Monday, January 31, 2005

More on Mr. Johnson 

His life and his work evoked strong feelings. He was a complicated character. Drawn to fascism in his early adulthood, he was later publicly apologetic. Was designing a synagogue for free atonement enough, and of the proper sort? Closeted until late in life, after coming out he coyly referred to his succession of partners as "the four Mrs. Johnsons." The last, David Whitney, was his companion for 45 years, considerably longer than most marriages endure. How does one take the full measure of a man's life? And his work... what to say about the built artifacts of a 50-year architectural career? Some were great, some were laughable, some were even - perhaps his worst fear - dull. Much is being written at his passing about the man and his architecture; here are a few interesting assessments.

Form Follows Fascism
By Mark Stevens, January 31, 2005 in the New York Times

The death last week of Philip Johnson, the nonagenarian enfant terrible, brought 20th-century architecture to a symbolic close. Even Mr. Johnson's friends sometimes doubted that he was an architect of the first rank, but friend and foe alike agreed that he was an emblematic figure of his time.

But emblematic of what? In death, his role in American culture will come into sharper focus, and it's a darker picture than many have thought. Read More

Lived in Glass House, Threw Stones:
How Philip Johnson lost his way

By Witold Rybczynski, Friday, Jan. 28, 2005 on Slate.com

Many of Philip Johnson's obituaries describe him as the dean of American architects. He was undoubtedly a force in American architecture and exercised a major influence on the profession, but "dean" implies benevolent leadership. Johnson's influence was not altogether benign.

At the beginning of his involvement with architecture, he was simply a spokesman and promoter of the new Modern (at that point chiefly European) architecture. In 1932, with Henry-Russell Hitchcock, he organized an influential exhibit at the Museum of Modern Art and published The International Style. He put his money where his mouth was and built himself a house—the so-called Glass House—that became one of the most famous symbols of the new style. In the mid-1950s, he was at the side of Ludwig Mies Van der Rohe, helping him to design what many consider the greatest building of the postwar period, the Seagram Building.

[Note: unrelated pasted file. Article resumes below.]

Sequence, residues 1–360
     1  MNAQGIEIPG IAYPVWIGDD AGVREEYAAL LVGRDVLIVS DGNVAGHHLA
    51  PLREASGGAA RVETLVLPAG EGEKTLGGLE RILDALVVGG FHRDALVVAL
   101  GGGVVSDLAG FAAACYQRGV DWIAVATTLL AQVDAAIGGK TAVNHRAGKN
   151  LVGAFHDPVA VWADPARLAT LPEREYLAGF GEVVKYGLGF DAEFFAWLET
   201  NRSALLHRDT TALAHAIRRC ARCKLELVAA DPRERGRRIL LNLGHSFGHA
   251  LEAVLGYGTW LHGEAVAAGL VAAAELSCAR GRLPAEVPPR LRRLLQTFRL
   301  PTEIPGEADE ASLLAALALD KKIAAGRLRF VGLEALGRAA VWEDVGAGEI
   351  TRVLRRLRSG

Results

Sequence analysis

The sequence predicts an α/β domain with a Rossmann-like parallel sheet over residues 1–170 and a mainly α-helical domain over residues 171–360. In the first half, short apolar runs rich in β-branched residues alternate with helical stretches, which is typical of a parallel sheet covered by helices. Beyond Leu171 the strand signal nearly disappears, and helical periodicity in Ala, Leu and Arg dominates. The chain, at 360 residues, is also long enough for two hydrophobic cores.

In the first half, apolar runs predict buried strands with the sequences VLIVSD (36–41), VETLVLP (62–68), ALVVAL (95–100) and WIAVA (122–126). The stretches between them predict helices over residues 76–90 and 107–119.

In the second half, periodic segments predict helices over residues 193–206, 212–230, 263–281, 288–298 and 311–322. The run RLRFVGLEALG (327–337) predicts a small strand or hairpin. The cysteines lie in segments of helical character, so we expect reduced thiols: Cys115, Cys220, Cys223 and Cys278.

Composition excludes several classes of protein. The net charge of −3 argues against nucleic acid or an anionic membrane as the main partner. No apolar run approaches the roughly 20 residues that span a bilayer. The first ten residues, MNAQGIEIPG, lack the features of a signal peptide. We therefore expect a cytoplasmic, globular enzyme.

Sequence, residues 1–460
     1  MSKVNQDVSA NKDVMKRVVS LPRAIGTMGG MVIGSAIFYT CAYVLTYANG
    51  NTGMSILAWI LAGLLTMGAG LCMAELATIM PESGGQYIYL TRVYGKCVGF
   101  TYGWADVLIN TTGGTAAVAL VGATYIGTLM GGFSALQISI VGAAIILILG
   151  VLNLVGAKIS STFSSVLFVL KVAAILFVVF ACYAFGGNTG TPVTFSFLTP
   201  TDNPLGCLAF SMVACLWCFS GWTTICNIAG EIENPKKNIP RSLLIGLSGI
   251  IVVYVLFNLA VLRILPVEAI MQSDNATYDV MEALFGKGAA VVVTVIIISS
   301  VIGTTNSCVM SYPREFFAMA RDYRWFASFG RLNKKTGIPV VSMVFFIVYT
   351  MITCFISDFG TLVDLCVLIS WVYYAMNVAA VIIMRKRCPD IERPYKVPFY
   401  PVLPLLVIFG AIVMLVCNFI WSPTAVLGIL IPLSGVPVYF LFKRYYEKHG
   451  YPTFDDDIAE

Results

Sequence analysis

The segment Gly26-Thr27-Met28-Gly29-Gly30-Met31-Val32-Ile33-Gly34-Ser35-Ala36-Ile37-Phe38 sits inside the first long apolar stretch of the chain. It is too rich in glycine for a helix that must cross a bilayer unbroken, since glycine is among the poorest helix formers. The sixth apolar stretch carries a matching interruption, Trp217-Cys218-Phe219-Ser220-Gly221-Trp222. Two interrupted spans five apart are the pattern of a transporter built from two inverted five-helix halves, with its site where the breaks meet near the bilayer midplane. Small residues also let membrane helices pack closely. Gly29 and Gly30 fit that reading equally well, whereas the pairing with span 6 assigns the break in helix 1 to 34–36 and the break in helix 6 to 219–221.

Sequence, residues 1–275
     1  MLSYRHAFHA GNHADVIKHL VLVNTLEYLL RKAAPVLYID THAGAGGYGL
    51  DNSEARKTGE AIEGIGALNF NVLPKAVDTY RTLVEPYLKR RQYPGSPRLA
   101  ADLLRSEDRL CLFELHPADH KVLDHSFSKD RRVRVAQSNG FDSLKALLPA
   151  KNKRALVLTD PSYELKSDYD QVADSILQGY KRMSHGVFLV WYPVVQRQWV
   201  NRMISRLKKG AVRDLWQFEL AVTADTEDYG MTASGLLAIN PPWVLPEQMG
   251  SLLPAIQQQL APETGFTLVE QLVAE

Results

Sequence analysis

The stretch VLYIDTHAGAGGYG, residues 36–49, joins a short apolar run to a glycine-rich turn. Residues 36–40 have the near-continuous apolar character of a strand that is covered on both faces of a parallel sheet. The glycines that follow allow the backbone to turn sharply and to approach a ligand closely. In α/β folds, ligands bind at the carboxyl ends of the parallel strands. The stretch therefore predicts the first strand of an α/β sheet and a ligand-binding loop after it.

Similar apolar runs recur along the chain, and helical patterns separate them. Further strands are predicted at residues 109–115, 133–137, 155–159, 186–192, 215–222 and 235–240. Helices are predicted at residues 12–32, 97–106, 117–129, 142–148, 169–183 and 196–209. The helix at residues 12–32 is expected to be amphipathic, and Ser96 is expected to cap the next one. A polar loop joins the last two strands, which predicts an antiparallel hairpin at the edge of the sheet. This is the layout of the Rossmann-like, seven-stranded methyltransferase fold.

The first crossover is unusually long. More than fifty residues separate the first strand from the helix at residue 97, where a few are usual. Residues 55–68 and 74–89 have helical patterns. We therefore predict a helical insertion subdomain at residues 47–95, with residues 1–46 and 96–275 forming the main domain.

"I don't want to be interesting, I want to be good," Mies is supposed to have said. But the mercurial Johnson, who seemed to get easily bored, definitely preferred interesting. Read More

A Tastemaker Propelled by Curiosity
By Nicolai Ouroussof, January 27, 2005 in the New York Times

At the height of his power, Philip Johnson's tentacles seemed to reach into every corner of his profession. As the founding director of the Museum of Modern Art's department of architecture and design, he almost single-handedly introduced American audiences to European Modernist buildings; he was a tireless promoter of emerging architectural talents, from Mies van der Rohe to Frank Gehry. And although he often played down his creative talent, he produced a number of 20th-century landmarks in his long, eclectic career, among them the 1949 Glass House, rightly considered a masterpiece of American design.

Yet his greatest talent of all may have been his unquenchable curiosity, which prevented him, and by extension, his audience, from becoming mired in any specific architectural style or movement. Read More